Veteran services

The Veteran Art Project helps California veterans with mental health

Using Art to Heal: How The Veteran Art Project Helps California Veterans Improve Their Mental Health

On Wednesday, thirty veteran artists showed their art in front of the State Capitol

Thirty artists gathered outside the State Capitol for the “Veterans Pop-Up Arts Cafe” on Wednesday. The free community event welcomed veterans from across California to provide a space for them to showcase their art in the mediums of ceramics, glass, painting, poetry, and more. The event was organized by The Veterans Art Project (VETART) and sponsored by the Mental Health Services Oversight and Accountability Commission of California. VETART is a community-based arts organization serving veterans, active duty military personnel, spouses, people dependents and their caregivers through art programs. Reginald Green, a 15-year-old navy veteran, told KCRA 3 he heard about VETART when he was seeking help for his depression. “It distracts me from what’s going on and I get lost creating stuff,” he said. “If you find something that can make you happy inside, focus on that.” Today, he creates large jars, jewelry and African clothing. Colin Hoffman served in the Marine Corps for about a year and then was injured while serving. He creates sculptures and illustrations, and wrote the children’s book “Baby Fatts: The Worlds”. First Dragon.” “It’s my medicine,” he said. “When I shape clay or spray paint or write, that’s what I do. My problems go away for a while. It’s an escape for me.” Tonya Savice served in the Air Force from 1982 to 1993. As a two-time suicide survivor, she said her discovery of art gave her new meaning. With the help of VETART, she started the non-profit organization “Spread Love Thru Arts” to help other women “something other than pain is what helps,” she said. at KCRA 3. “That’s why art heals.”

Thirty performers gathered outside the State Capitol on Wednesday for the “Veterans Pop-Up Arts Cafe.”

The free community event welcomed veterans from across California to provide a space for them to showcase their art in the mediums of ceramics, glass, painting, poetry, and more.

The event was organized by The Veterans Art Project (VETART) and sponsored by the California Mental Health Services Oversight and Accountability Commission.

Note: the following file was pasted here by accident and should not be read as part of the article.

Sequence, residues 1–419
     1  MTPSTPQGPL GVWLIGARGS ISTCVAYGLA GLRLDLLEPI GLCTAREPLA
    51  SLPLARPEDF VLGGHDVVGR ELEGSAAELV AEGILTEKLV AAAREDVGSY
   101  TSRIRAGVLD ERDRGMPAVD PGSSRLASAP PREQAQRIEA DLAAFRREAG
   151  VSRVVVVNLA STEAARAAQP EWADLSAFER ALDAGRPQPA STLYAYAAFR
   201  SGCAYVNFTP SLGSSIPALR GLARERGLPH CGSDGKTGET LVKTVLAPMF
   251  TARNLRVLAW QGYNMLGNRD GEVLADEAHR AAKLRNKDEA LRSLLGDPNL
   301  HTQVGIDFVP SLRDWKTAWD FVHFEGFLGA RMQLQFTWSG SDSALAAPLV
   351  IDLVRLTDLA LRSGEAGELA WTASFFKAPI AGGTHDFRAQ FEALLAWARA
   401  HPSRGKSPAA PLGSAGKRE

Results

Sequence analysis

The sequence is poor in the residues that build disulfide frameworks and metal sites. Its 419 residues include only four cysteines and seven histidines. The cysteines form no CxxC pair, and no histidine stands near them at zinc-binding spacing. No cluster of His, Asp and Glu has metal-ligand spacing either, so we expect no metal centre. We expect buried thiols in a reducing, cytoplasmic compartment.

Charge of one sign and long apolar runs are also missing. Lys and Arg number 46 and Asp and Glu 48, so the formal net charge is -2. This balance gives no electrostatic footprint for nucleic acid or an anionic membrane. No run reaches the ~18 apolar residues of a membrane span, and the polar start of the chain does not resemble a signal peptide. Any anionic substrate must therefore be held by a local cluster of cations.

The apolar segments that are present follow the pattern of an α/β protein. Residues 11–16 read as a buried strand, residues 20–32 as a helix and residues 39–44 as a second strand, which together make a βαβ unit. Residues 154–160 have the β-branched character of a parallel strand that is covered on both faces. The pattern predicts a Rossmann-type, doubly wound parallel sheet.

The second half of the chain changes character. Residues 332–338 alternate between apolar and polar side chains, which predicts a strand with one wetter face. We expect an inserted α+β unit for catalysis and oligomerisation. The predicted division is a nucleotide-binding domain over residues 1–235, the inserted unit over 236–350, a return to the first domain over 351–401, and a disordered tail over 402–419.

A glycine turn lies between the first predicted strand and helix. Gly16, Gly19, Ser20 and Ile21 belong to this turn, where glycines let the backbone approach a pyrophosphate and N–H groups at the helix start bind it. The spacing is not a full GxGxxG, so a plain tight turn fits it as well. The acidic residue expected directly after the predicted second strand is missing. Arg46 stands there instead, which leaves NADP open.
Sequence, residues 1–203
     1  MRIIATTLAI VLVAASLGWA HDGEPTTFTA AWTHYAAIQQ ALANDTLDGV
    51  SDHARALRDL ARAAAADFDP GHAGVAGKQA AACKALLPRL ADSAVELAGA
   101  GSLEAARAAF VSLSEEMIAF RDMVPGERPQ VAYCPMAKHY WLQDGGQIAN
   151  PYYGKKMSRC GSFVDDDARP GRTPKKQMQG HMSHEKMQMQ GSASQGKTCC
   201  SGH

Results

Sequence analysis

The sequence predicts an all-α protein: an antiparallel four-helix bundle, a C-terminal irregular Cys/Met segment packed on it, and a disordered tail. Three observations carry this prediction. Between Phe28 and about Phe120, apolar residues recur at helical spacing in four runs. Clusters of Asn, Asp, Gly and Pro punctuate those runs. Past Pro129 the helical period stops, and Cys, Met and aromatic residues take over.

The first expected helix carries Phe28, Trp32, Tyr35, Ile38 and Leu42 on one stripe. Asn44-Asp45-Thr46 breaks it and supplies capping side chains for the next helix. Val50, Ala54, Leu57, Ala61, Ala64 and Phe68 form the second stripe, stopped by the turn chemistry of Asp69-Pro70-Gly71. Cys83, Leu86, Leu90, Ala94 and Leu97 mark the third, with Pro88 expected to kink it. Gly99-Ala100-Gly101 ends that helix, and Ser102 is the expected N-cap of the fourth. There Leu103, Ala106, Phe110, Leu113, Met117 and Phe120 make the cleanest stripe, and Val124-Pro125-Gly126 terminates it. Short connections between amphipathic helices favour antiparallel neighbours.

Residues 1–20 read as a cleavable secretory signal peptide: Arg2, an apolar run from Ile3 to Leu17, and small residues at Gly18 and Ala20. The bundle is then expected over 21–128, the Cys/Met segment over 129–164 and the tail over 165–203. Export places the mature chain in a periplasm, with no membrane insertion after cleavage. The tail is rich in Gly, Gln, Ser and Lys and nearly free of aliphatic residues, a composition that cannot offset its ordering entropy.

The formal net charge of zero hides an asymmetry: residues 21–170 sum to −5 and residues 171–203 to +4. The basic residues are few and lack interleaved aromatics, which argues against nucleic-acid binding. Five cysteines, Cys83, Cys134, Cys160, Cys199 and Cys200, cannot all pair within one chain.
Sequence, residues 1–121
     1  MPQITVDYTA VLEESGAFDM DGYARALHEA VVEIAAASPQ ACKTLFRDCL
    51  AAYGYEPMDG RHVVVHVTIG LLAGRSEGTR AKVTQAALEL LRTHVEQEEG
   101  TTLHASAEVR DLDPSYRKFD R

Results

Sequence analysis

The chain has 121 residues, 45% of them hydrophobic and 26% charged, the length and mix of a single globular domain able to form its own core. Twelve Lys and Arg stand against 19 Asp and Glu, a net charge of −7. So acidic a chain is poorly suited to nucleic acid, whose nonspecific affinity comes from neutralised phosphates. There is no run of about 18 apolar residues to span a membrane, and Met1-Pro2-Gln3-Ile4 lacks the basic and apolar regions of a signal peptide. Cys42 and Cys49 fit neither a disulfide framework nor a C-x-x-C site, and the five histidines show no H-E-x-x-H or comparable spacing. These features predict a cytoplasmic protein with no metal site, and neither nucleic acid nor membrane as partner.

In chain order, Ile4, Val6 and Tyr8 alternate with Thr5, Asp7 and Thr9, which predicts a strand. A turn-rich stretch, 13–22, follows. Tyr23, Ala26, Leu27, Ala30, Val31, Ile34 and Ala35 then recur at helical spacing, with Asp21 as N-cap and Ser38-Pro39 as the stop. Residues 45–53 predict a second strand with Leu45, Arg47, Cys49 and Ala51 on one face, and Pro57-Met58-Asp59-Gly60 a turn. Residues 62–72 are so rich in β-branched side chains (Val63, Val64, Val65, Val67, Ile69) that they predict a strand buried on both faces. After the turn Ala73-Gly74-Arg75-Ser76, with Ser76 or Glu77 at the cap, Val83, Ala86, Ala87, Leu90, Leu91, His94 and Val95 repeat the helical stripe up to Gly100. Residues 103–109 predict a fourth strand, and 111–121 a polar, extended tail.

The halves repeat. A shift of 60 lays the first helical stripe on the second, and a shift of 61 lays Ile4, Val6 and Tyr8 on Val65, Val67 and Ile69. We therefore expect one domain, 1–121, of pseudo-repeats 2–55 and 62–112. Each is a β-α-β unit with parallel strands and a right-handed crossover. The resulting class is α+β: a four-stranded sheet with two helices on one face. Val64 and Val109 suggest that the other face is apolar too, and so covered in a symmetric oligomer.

VETART is a community arts organization that serves veterans, active duty military, spouses, dependents, and their caregivers through arts programs.

This programming, which includes free art lessons, aims to help veterans transition from military to civilian life and help veterans struggling with PTSD, depression and other mental health issues. .

Reginald Green, a 15-year-old navy veteran, told KCRA 3 he heard about VETART when he was seeking help for his depression.

“It distracts me from what’s going on and I get lost creating stuff,” he said. “If you find something that can make you happy inside, focus on that.”

Today, he creates large African jars, jewelry and clothing.

Colin Hoffman served in the Marine Corps for about a year and then was injured while serving.

He creates sculptures and illustrations, and wrote the children’s book “Baby Fatts: The Worlds First Dragon”.

“It’s my medicine,” he said. “When I shape clay or spray paint or write, that’s what I do. My problems go away for a while. It’s an escape for me.”

Tonya Savice served in the Air Force from 1982 to 1993.

As a two-time suicide survivor, she said her discovery of art gave her new meaning.

With the help of VETART, she started the non-profit “Spread Love Thru Arts” to help other women.

“When you treat something other than the pain, that’s what helps,” she told KCRA 3. “That’s why art heals.”